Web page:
The history of pogroms following the Russian Revolution
A story of Jewish faith, family, and a tragedy that reverberated for generations. The pogroms in the years following the Russian Revolution of 1917 killed tens of thousands of Jews and marked the beginning of the near-obliteration of Jewish life from an area of the world to which nearly 80% of the world's Jewry can trace its roots. Feiga Shamis, a Jewish mother of 12, wrote about those years in a rare first-hand account. What happened drove her to make a choice no mother should ever have to make. But it was a choice that ensured the survival of two of her children. Decades later, Feiga's granddaughter, Judy Favish, set out from South Africa for Poland and Ukraine to try to understand the grandmother she never met, the choice Feiga made, and her father who would never talk about his past.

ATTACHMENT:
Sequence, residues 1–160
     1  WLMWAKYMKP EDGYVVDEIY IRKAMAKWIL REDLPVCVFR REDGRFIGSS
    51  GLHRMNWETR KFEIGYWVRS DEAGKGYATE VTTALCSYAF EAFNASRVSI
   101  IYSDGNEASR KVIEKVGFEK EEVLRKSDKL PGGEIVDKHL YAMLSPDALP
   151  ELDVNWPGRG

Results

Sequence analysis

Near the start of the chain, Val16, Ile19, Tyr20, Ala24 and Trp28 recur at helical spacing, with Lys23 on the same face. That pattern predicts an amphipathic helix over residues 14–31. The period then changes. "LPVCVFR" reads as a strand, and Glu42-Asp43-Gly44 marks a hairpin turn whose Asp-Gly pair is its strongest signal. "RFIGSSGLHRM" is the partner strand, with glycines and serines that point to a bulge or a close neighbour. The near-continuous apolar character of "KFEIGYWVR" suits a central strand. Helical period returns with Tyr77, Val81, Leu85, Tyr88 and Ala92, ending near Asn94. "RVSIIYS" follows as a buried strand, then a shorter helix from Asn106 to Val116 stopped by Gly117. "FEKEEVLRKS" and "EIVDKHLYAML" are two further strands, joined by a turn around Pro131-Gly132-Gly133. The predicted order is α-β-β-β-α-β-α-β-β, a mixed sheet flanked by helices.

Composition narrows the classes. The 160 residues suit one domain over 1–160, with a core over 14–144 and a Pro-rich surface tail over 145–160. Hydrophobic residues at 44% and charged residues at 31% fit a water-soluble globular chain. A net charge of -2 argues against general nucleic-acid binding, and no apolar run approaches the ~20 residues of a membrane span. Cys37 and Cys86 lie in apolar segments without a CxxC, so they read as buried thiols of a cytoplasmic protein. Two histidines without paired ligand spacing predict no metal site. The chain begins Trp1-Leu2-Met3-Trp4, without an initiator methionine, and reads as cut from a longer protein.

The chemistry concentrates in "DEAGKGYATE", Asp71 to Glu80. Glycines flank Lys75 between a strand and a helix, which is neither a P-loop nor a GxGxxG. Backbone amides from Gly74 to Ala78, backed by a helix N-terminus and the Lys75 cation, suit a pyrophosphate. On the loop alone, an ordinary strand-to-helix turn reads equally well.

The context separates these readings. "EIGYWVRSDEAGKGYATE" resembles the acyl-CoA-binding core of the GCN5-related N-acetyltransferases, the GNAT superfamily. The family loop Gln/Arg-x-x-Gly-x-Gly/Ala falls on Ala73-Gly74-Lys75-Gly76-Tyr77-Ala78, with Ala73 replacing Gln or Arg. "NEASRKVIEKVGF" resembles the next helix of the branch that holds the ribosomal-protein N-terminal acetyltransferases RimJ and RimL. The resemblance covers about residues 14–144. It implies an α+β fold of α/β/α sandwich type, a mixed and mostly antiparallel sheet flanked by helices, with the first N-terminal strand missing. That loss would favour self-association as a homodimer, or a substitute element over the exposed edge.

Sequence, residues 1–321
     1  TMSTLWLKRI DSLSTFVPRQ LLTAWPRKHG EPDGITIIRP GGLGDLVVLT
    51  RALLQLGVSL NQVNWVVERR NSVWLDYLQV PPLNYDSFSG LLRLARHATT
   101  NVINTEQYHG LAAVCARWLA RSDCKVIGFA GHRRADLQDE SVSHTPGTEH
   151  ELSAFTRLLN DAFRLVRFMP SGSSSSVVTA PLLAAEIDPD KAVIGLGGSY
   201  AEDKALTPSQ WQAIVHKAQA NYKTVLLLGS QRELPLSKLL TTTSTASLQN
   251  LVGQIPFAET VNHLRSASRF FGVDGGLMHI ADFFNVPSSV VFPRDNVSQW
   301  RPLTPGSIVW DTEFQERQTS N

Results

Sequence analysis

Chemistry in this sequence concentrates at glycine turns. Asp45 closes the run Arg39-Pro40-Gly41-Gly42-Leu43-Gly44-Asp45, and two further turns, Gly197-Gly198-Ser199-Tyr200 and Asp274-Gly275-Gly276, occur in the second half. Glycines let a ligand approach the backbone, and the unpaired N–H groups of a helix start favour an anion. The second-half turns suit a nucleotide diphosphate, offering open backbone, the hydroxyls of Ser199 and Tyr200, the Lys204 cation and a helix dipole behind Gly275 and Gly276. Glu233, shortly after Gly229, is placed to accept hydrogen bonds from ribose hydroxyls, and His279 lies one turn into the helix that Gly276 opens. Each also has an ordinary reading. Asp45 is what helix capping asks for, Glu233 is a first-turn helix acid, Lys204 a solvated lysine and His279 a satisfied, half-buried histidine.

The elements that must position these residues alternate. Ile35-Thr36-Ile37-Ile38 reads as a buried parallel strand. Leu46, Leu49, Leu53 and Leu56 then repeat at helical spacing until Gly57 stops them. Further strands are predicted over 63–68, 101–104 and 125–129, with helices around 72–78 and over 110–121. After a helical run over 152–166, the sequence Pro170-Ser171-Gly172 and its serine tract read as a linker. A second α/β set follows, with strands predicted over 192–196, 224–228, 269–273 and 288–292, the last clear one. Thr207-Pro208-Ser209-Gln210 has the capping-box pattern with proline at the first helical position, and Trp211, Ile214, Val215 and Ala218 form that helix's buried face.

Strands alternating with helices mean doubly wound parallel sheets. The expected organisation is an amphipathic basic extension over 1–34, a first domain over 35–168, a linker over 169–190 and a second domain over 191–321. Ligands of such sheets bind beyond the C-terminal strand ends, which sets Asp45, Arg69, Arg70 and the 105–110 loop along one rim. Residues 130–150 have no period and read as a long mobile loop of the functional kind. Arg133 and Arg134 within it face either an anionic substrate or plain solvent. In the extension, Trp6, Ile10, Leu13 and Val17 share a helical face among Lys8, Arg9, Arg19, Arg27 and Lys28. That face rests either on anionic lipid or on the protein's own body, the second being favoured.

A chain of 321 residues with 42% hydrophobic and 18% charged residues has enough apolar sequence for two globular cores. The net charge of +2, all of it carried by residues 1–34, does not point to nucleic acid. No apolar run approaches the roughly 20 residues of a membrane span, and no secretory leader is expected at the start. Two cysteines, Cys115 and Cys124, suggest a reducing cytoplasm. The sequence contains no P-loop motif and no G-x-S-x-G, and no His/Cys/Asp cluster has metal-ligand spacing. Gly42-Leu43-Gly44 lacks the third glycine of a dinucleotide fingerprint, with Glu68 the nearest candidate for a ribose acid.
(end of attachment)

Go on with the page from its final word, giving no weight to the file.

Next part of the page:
“I’m really excited about My Dear Children and the kind of complex issues that it’s bringing to a very wide audience, and, I think, presenting them in a very sensitive way that people will understand and be touched by.”
Nathan Meir, Portland State University
LeeAnn Dance is an award winning investigative reporter and documentary producer. Feiga’s sacrifice has had a deeply personal impact on her life.
Cliff Hackel has more than 25 years of award winning documentary experience. Like many Jews, he, too, can trace his roots to the former Pale of Settlement.